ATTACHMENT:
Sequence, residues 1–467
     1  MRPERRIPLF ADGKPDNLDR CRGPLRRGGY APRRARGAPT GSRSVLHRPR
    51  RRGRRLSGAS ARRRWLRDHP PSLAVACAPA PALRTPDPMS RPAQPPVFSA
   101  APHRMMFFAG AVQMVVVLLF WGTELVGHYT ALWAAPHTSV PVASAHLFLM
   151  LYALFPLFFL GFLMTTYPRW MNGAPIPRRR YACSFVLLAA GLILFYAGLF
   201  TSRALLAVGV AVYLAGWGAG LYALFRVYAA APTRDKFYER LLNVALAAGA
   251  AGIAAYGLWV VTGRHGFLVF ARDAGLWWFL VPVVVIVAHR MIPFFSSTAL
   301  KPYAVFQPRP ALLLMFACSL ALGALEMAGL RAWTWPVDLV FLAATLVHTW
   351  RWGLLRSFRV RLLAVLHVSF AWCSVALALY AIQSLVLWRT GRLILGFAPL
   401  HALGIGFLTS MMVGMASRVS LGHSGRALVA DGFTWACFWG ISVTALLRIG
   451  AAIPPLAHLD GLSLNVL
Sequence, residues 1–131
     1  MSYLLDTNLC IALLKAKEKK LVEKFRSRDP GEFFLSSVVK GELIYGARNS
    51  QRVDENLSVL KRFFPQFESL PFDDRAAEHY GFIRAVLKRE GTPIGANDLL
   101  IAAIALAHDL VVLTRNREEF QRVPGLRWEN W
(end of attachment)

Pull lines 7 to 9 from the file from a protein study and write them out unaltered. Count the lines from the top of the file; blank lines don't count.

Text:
   251  AGIAAYGLWV VTGRHGFLVF ARDAGLWWFL VPVVVIVAHR MIPFFSSTAL
   301  KPYAVFQPRP ALLLMFACSL ALGALEMAGL RAWTWPVDLV FLAATLVHTW
   351  RWGLLRSFRV RLLAVLHVSF AWCSVALALY AIQSLVLWRT GRLILGFAPL